Tissue for genetic material: options other than tail tips?

I was hoping to get suggestions from the readers of AA about methods of tissue collection for genetic work other than tail tips. I’ve been working with the agamid lizard Sitana ponticeriana, and my work is now taking decidedly genetic directions. It remains unclear whether or not these lizards regenerate their lost tails–while they seem to lose tails easily, I didn’t see any lizards with noticeably regenerated tails in the field. Given this, I am a little uncomfortable with the idea of taking tail tips as tissue for genetic work. Are there other common and easy options for sampling tissue from lizards? Many thanks in advance for your responses!

(Feel free also to weigh in with whether or not you think it acceptable to collect tail tips in a species that certainly autotomizes its tail but does not grow it back–it seems like a grey area to me).

A male Sitana ponticeriana near Pune, India.

17 thoughts on “Tissue for genetic material: options other than tail tips?

  1. There are several options for sampling DNA in lizards without using tail clips. Buccal swabs are widely used to collect DNA from amphibians and reptiles (Miller, 2006; Pidancier et al., 2003; Poschadel and Möller, 2004; Beebee, 2008). You can also extract blood from the caudal vein in medium to large sized lizards (Gorzula et al., 1976). If you collect blood make sure you use citrate or EDTA as an anticoagulant since heparin is co-extracted with DNA and will inhibit subsequent PCR.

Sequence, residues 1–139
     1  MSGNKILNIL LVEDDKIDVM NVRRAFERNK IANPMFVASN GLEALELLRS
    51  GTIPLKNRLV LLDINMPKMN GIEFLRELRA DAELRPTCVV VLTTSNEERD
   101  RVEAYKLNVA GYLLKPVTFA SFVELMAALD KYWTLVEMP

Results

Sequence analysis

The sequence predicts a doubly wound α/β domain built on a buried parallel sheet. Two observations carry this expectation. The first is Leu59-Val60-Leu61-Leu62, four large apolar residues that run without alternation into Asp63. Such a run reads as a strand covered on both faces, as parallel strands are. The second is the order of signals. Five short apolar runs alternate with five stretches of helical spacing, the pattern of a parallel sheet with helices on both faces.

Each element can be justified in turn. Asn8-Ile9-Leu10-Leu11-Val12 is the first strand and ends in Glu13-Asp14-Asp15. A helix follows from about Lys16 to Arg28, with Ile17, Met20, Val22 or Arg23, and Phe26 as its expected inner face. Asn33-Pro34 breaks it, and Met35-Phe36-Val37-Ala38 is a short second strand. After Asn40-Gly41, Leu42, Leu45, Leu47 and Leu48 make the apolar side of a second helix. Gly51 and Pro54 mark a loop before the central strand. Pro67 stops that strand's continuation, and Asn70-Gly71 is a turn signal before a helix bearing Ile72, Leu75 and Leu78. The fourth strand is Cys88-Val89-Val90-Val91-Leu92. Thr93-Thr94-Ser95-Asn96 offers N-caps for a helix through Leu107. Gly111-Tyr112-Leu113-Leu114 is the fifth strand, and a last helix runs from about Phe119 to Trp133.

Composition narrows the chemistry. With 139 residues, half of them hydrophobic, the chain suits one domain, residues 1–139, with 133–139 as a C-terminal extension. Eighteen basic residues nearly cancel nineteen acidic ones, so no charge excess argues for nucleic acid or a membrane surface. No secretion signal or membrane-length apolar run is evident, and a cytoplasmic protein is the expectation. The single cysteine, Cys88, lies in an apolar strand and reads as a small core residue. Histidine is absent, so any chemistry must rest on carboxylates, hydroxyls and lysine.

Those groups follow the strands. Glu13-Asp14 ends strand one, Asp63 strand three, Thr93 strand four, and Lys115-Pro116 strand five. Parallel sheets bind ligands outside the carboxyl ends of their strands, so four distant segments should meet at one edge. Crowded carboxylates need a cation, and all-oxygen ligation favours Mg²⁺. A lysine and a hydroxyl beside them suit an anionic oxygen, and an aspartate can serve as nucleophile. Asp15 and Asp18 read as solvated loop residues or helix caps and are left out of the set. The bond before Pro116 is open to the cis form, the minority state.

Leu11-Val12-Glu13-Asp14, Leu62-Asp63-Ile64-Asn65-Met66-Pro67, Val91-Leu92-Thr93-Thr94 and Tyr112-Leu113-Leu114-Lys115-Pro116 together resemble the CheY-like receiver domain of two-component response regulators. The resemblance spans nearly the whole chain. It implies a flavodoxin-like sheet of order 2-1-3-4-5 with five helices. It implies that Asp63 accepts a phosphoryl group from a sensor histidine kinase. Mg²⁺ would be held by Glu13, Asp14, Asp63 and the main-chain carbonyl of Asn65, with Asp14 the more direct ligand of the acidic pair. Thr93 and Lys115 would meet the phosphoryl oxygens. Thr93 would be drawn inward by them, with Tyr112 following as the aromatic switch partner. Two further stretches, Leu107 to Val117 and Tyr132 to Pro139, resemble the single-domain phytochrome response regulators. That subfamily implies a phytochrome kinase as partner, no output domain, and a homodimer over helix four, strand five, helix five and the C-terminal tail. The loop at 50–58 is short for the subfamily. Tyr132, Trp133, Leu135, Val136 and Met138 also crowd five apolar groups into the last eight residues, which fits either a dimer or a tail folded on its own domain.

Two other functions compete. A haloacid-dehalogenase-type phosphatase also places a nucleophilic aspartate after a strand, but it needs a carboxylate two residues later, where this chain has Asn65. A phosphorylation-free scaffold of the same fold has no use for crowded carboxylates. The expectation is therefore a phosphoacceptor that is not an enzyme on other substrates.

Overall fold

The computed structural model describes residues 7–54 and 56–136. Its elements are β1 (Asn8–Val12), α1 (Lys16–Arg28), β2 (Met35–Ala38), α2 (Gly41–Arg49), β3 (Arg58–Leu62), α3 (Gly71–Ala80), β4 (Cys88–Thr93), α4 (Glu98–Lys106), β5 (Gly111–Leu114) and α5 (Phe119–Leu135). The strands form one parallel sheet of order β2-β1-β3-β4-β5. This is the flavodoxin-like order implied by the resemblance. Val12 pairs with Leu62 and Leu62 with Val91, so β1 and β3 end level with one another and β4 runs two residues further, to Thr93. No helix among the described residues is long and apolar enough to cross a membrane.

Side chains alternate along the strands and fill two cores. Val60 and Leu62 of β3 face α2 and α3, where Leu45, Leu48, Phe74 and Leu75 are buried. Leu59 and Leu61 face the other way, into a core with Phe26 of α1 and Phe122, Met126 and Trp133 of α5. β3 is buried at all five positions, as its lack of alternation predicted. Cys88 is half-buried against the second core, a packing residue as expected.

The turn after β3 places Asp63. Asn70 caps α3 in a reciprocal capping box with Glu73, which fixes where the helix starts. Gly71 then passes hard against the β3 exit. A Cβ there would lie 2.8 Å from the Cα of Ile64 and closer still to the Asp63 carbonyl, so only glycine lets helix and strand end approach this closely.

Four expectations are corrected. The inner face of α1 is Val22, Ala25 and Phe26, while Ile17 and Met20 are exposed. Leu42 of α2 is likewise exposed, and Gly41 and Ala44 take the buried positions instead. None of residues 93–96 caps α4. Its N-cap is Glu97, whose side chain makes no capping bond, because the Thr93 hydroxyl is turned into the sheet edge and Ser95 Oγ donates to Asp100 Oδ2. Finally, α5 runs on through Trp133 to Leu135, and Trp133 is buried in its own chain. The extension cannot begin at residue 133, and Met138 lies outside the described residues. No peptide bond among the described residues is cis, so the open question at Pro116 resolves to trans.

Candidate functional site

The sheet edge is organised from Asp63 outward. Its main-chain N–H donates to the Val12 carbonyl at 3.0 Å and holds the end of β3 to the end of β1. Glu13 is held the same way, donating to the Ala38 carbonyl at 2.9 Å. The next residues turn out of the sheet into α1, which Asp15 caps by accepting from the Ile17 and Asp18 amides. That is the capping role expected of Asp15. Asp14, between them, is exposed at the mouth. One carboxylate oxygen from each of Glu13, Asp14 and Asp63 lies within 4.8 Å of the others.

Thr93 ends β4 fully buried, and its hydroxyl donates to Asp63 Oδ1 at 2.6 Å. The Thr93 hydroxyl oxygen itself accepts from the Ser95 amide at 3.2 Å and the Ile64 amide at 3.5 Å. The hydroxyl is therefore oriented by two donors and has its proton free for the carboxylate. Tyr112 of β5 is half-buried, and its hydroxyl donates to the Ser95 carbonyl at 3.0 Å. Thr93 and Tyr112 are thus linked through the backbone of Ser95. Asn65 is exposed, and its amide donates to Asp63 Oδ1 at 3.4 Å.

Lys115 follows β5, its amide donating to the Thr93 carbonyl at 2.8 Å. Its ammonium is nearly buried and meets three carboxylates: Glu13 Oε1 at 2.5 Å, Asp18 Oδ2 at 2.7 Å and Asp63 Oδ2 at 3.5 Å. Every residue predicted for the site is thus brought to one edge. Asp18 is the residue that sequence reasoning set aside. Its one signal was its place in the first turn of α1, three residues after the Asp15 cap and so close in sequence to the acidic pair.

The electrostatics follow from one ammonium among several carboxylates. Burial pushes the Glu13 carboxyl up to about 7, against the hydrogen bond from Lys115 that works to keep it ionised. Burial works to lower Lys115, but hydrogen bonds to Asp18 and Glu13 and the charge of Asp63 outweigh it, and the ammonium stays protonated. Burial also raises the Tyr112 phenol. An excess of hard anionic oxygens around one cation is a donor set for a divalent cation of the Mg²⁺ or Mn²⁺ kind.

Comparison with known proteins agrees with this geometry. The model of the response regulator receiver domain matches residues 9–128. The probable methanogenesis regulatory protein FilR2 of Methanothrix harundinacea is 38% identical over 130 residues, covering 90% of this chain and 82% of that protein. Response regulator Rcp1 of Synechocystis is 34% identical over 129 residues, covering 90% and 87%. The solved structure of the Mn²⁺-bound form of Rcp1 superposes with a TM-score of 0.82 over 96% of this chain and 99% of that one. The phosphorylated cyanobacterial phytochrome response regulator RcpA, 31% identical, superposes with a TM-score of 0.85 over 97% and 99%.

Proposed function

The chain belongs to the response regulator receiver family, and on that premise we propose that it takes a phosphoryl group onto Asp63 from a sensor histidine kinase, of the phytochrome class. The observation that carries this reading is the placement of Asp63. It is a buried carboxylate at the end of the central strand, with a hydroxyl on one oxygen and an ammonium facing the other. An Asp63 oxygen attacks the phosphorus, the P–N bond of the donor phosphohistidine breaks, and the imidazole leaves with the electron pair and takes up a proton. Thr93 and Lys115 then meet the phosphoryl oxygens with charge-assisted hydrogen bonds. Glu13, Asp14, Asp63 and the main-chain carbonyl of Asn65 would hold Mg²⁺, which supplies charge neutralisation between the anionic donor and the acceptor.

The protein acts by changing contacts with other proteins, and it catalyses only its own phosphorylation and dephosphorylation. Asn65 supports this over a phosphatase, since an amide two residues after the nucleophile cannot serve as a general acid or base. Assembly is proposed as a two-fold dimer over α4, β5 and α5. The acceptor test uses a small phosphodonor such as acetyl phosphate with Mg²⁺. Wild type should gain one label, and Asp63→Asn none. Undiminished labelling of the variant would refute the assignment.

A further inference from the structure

Beebee, T. J. C. 2008. Buccal swabbing as a source of DNA from squamate reptiles. Conservation Genetics 9:1087–1088.
    Gorzula, S. J., C. L. Arocha-Pinango, and C. Salazar. 1976. A method of obtaining blood by venipuncture from large reptiles. Copeia 1976:838–839.
    Miller, H. C. 2006. Cloacal and buccal swabs are a reliable source of DNA for microsatellite genotyping of reptiles. Conservation Genetics 7:1001–1003.
    Pidancier, N., C. Miquel, and C. Miaud. 2003. Buccal swabs as a non-destructive tissue sampling method for DNA analysis in amphibians. Herpetological Journal 13:175–178.
    Poschadel, J. R., and D. Möller. 2004. A versatile field method for tissue sampling on small reptiles and amphibians, applied to pond turtles, newts, frogs and toads. Conservation Genetics 5:865–867.

    1. Many thanks for these sources! I’m excited to try out buccal swabs, but I think these lizards (SVL: 40-50mm) might be too small for caudal vein sampling).

  2. Although I agree that removing tail tips in lizards that don’t regenerate is definitely a gray area, it’s important to note that you do not need a lot of tissue to get a good DNA sample. A few centimeters is really all you need, enough to fill a 2mL eppendorf tube, actually. If they lose their tails in the wild, it shouldn’t be too stressful to lose a small piece of the tip. Of course, if the lizard has already lost a ton of tail, then maybe not.